Friday, September 2, 2011

Big dipper

I have a report from South Dakota for the 501st post on this blog. Our trip took us to the Black Hills and Badlands. We recorded 48 bird species and eight mammal species. The birds included two additions to the North American life list--upland sandpiper and american dipper.

We found the sandpiper, pictured below, near the dusty grassland town of Buffalo Gap. We had left the highway at Buffalo Gap to catch a road to the Badlands. When we discovered that the 40-plus mile trip to the park would be on a dirt road, we decided to head back to the highway. On the way there, we saw a strange bird sitting on a hay bale. It took some research on the web to confirm that this indeed was an uppie. It was the big eye and relatively long neck that gave it away. Ironically, I had looked for this bird here in Illinois in July and came away empty.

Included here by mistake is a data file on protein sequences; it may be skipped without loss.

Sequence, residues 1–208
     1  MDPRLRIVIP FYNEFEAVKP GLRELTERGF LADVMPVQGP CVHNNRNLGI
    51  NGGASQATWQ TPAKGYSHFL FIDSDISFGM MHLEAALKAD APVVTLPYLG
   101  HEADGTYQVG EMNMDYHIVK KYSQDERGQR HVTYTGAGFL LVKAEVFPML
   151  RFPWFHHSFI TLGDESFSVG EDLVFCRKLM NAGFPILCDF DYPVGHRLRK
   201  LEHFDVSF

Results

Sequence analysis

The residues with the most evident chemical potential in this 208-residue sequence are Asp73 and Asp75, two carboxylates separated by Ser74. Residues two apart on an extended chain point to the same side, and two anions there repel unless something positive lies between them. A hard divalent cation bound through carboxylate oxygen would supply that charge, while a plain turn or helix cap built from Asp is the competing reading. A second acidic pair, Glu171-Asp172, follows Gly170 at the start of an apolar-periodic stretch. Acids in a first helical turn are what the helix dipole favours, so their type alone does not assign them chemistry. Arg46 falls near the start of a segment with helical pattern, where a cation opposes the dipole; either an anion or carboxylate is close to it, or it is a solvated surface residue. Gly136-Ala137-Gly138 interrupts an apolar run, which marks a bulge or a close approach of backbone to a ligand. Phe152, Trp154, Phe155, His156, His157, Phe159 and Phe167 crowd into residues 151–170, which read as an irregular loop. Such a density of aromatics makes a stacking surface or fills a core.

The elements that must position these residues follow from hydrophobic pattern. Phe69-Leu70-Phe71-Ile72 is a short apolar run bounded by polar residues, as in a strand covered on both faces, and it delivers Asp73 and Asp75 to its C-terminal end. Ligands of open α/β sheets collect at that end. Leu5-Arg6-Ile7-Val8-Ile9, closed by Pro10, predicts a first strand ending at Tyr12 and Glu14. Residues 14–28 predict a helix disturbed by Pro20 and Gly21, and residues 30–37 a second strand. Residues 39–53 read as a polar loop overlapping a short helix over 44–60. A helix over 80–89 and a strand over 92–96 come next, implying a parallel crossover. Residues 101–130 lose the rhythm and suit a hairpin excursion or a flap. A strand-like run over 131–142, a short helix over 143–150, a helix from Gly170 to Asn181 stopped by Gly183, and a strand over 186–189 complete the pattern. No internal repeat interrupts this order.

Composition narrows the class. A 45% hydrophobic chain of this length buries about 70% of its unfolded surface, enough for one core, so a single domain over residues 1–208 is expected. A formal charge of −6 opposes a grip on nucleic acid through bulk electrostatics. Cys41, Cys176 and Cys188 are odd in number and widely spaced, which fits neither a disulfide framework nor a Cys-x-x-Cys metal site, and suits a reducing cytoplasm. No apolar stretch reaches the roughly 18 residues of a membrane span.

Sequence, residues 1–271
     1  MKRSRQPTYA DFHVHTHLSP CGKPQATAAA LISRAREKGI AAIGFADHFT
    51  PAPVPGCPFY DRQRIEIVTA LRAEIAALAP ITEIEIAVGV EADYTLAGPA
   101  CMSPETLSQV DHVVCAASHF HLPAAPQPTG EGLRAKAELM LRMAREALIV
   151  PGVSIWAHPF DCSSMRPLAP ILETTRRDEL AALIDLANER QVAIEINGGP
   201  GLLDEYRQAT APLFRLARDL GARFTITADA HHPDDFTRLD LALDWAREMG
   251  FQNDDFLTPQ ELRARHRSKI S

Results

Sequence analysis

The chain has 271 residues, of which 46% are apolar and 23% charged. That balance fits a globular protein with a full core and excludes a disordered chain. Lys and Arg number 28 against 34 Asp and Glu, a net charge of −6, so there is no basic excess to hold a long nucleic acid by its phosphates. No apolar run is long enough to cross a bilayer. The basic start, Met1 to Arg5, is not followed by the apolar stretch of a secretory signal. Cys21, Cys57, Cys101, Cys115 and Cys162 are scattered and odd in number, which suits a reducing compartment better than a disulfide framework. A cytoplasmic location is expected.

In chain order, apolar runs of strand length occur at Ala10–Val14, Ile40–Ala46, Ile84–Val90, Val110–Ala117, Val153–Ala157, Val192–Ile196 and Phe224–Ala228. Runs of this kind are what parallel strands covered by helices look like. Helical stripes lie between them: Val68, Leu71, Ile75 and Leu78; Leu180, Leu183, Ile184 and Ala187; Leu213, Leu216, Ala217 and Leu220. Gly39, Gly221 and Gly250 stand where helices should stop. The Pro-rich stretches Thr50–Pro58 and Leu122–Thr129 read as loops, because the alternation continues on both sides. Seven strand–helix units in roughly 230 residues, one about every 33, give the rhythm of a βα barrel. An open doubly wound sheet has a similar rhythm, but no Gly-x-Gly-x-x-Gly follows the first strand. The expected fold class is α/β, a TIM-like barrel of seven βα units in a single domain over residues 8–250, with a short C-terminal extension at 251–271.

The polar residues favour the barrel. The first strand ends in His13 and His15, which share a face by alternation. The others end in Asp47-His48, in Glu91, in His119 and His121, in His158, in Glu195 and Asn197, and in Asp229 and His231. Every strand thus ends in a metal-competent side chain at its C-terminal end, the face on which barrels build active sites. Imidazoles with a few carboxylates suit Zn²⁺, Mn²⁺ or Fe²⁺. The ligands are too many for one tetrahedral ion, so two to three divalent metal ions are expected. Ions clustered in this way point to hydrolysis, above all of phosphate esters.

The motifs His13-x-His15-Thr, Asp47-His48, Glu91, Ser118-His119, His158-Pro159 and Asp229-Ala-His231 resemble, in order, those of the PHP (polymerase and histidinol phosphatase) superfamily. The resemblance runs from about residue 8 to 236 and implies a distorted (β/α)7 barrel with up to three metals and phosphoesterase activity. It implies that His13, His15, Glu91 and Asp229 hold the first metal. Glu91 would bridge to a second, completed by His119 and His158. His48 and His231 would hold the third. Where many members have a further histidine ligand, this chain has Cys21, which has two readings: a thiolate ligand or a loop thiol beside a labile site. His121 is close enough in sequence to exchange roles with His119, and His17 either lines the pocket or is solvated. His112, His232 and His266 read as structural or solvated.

The american dipper is a plump thrush-like bird that lives only in high mountain streams. It reaches the Black Hills at the eastern extent of its range. So we traveled to the northern Black Hills to find the bird, at Roughlock Falls near Spearfish Canyon. We walked down to the falls but didn't see a dipper on our first try. We walked downstream a ways and decided to go back for one last attempt. And there it was, sitting on a log in the water. The ouzel sat there for a long time, and we took many pictures. We never did see its peculiar behavior--plunging into streams and walking on the streambed in search of food--but that was OK. (The dipper is a gray dot in the bottom right of the first photo below.)

There are many more photos from our trip here.